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  • Writer's pictureThe Low Down

Technology may change, but the news doesn’t

The Editor,

Happy 50th anniversary. I had the pleasure of attending the Low Down’s 50th anniversary on May 26 at Motel Chelsea as part of the Wakefield Writer’s Festival.

Back when the Low Down was in its teenage years, I had the opportunity of working for a small community newspaper. I was responsible for editing and revising articles we would receive. In those days, we did not have computers or desktop publishing software, so we had another company prepare the paper for us. They provided mock-up sheets, and I had to calculate column inches for each article and select a font and size. I had to crop photos and create captions. Part of the job was deciding what articles would be published and where they would be placed in the paper. Like the Low Down, we followed a specific format. Additionally, I had to ensure that ads were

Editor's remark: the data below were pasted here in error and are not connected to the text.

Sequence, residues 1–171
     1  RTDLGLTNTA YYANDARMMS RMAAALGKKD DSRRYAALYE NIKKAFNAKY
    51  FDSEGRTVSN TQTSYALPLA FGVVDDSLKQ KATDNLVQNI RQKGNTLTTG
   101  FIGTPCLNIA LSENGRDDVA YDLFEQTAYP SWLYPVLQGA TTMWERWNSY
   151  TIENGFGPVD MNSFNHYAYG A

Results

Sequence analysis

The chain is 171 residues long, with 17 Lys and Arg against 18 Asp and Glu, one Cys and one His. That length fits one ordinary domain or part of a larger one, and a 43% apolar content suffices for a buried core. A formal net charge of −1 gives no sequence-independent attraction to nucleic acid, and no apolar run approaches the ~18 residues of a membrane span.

placed where clients wanted them to appear.

I would drive to the company shop with my mock-ups. After picking them up, they were reviewed for errors and sent back for revisions. Another trip, and the paper was finally ready for printing. Today with computers, I suspect the layout and editing are done in-house, and the paper is sent to the print shop electronically for printing.

Although technology has changed the way newspapers are put together, I believe many things have remained the same. Decisions are still made about what goes into the paper and where the articles are placed. If a subject is controversial, how will the news be received by the community? If a mistake is made, an ‘erratum’ is always published in the following issue. And, of course, the deadlines are always there.

To Nikki, Trevor, and the rest of the crew at the Low Down, thank you for your passion and dedication and for giving us a superb paper every week.

Andre Chenier

Chelsea, Qc


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